Lyndon Johnson on Technology



Obsessive need for information; fanatic about facts

It was obsessive, LBJ's need for information. It was unending and unceasing and the more information the president had, the more he wanted. He was never satisfied. I never saw him approach any problem where he was not in possession of a trunk-full of information, far more than any other man in the room, and oftentimes on subjects in which the official to whom he was talking was supposed to be expert. He was simply and clearly a fanatic about facts. He could never get enough information.
Source: A Very Human President, by Jack Valenti, p.163 , Dec 1, 1976

1968: created national public broadcasting system

The president declared himself in favor of public broadcasting and the design of the first federally-financed public broadcasting apparatus. On March 6, 1968, the Senate Commerce Committee met to hold confirmation hearings on the newly appointed fifteen members of the Corporation for Public Broadcasting, created by President Johnson to fund a national public broadcasting system.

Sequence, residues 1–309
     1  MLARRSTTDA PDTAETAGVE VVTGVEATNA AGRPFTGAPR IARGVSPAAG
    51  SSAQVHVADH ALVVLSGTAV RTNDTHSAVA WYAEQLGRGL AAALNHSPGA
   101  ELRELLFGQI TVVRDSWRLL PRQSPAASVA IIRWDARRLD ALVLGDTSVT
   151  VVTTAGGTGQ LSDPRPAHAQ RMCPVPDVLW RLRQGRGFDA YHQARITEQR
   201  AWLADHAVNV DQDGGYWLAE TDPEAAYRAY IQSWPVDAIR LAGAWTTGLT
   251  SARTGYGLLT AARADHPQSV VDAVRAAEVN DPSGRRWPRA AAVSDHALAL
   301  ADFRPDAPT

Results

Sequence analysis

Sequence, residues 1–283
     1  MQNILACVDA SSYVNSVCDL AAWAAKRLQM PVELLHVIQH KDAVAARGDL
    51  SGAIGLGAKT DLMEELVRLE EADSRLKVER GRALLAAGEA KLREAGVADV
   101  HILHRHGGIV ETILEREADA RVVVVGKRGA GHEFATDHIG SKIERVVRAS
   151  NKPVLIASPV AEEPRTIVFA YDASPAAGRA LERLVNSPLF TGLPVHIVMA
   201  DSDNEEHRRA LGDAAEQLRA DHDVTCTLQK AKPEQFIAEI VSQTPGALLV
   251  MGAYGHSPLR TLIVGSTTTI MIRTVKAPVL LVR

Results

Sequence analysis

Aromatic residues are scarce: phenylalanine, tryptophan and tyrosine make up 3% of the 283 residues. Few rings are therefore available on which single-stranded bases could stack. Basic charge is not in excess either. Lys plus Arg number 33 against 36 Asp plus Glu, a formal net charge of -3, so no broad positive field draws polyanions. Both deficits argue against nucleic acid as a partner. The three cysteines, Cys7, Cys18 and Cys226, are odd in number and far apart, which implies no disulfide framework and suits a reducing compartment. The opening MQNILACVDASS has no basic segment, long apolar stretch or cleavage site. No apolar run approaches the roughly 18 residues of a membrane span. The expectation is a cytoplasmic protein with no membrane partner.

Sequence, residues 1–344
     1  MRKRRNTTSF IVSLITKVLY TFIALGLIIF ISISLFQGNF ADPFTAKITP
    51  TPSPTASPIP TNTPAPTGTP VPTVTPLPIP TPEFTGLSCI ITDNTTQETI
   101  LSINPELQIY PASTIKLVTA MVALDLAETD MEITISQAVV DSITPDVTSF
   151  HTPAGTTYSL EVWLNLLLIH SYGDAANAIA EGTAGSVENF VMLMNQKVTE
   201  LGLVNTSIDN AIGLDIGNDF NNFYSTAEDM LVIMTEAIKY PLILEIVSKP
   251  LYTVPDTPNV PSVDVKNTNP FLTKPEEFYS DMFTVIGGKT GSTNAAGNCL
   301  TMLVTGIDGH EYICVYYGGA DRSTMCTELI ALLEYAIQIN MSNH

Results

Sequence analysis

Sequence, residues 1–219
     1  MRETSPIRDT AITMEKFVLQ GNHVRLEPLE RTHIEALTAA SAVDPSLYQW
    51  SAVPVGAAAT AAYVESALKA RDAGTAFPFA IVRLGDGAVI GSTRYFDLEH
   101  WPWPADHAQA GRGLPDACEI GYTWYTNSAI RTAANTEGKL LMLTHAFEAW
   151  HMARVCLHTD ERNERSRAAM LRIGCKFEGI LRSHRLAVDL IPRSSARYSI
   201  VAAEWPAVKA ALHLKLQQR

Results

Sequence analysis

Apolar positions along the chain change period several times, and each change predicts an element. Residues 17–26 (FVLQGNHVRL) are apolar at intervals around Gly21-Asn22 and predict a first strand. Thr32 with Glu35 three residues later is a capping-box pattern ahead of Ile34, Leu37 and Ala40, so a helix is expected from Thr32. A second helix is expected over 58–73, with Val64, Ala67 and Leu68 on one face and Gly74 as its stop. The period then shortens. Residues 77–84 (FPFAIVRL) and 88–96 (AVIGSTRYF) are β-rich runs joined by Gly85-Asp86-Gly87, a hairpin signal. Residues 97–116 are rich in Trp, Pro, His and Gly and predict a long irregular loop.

Source: A Very Human President, by Jack Valenti, p. 84&127 , Dec 1, 1976

LBJ's FBI never wiretapped MLK

In early 1975, press reports surfaced about former agents of the FBI claiming they were ordered to wiretap Martin Luther King and Bobby Kennedy at the convention to relay vital information to LBJ. My only comment on this is the reporting must have been done by extra-sensory perception. I saw every piece of paper that crossed the president's desk. I was with him so much I heard almost every phone conversation he had during these convention days. I can certify without a doubt that I never saw or read one sliver of anything that resembled a wiretapping report from the FBI or anyone else. I don't know whether or not the FBI tapped King and Kennedy at the convention, but I am willing to declare it would have been a minor miracle for any of these reports to get to the president without me knowing about it.
Source: A Very Human President, by Jack Valenti, p.202 , Dec 1, 1976